Skip to main content

Bourbon Trail

Erin and I took a trip to Kentucky this weekend (2.5 hours or so from Nashville) to tour whisky distilleries the way they're meant to be toured .. with tastings! I say this, as Tennessee's two big ones, Dickel and Jack Daniels, are in DRY counties, so good luck getting a tasting there. Cheers to you, Maker's Mark and Heaven Hill Distilleries (makers of Evan Williams and Elijah Craig).

The spellcheck on this just flagged "whisky" above, asking that it be spelled "whiskey." I did a quick look-up on history and culture, with Irish and American whiskeys being spelled that way and Scottish, Canadian, etc. being spelled whisky. Bourbon, we learned, must have the following attributes:

-at least 51% corn (most are 70% or so)
-made in America
-no more than 160 proof / 80% alcohol by volume (ABV)
-finished in charred white oak barrels

In fall 2008, we visited Isle of Arran Distellers, where we learned that Scotch is ironically finished in used, oak barrels, often from the Americas! So, a white oak tree in a Kentucky forest may eventually make its way to the west coast of Scotland for a wee bit more work. ; ) For a second act, the barrel, known as "cask" in Scotland, is putting out a product that's at least 98.4% ABV!! "Water of life," indeed! (Irish Gaelic uisce beatha and Scottish Gaelic uisge beatha)

Despite this being the 21st century, it's amazing how relatively simple and unchanged the whiskey distilling process is - it's mostly time and temperature that does the work. In fact, we learned that Elijah Craig was a minister, who, after a house fire singed his oak barrels, decided to use them anyway. The result? A beautiful, sweet, smooth product that customers downriver in New Orleans and beyond began demanding after his experiement in 1789.

Speaking of charred things, we finished the day in Bardstown at The Old Talbott Tavern, where we had some mediocre food. I got a Hot Brown and Erin had a chicken marsala. My meal came as expected, yet with a bit too much cheese and not enough bread, at least for my tastes. Erin's meal reminded me of cheap Chinese food, as the chicken was so fried it crunched - gross! Still, after a day of wondering around the Kentucky countryside, any meal was appreciated at that point.

Overall, the day-trip was fun and I'd recommend the Bourbon Trail to anyone wanting a mix of history, scenery and drinking.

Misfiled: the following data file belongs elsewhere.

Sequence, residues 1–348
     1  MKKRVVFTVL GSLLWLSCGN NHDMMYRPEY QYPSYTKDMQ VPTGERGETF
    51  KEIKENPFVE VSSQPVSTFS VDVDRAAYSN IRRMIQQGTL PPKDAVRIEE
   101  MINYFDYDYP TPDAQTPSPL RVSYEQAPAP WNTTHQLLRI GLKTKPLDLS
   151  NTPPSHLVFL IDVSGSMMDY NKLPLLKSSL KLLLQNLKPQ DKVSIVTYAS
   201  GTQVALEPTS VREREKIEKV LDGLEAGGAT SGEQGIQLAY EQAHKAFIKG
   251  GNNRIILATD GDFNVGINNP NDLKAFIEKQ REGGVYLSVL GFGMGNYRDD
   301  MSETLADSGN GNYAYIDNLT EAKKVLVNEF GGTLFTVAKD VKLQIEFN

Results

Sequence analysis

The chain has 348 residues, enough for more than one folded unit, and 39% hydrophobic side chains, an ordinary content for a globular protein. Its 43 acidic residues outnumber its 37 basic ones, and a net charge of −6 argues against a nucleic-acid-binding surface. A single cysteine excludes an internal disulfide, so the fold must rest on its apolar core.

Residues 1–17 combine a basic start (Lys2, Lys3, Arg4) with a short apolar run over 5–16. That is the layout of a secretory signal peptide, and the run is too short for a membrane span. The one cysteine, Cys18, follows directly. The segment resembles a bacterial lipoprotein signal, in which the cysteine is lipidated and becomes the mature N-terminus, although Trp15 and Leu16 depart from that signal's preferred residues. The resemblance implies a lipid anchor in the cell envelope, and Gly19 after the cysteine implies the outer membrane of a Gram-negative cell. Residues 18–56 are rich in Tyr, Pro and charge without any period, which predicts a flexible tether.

1. aah the Isle of Aaran story and Steve during our max patch camping trip. he just thought that was the coolest thing ever!


Post a Comment

Popular posts from this blog

Friends with Benefits: Meet EV Originals

I love that feeling when a friend accomplishes something wonderful.

Maybe because I'm a only child and thus friends often feel like family, or maybe it's just because we all need a little more raising up these days.

So when I heard that a friend from the Nashville, TN area who co-founded and operates a catering business decided to share her culinary talents with the masses and create a line of bottled products, EV Originals, I did a big ol' happy dance.

Some Like It Hot -- And Toasted on Both Sides

The latest news in appliances seems to indicate there's no love for the good ol' traditional Crock-Pot.
Fictional drama aside, the slow cooker most of us grew up with is receiving some healthy competition from the new hot thing, the Instapot
But in our house, we're having a face-off with a completely different category of kitchen appliances -- it's the Toaster vs Toaster Oven.

The Best Way to Keep Cannoli Fresh and Other Baltimore Stories

My mom and step-dad were up visiting for Thanksgiving and after gorging ourselves on turkey and the sites of D.C., I took them on a day-trip to Baltimore.

After a visit to my mom's favorite museum (she's a mosaic artist), we aimed for lunch at Rocket to Venus in Hampden. It was closed for lunch, but our trip up Charles St. wasn't for naught - we stumbled onto residents of 34th St. setting up their Christmas displays! This street is Christmas at its best, or worst, depending on your tolerance/interest in all things Christmas. Erin teases me for being a scrooge, but I have to admit, lights and what-not are nice at this cold and dark time of year.

After a brief walk through Hampden, we aimed for lunch at Kooper's Tavern in Fells Point. The tavern was most certainly open, with rowdy sports fans packing the bar and even spilling onto the sidewalk for fresh-shucked oysters. (My friend Gideon would have camped out right there for their Chincoteagues!) After some deliberati…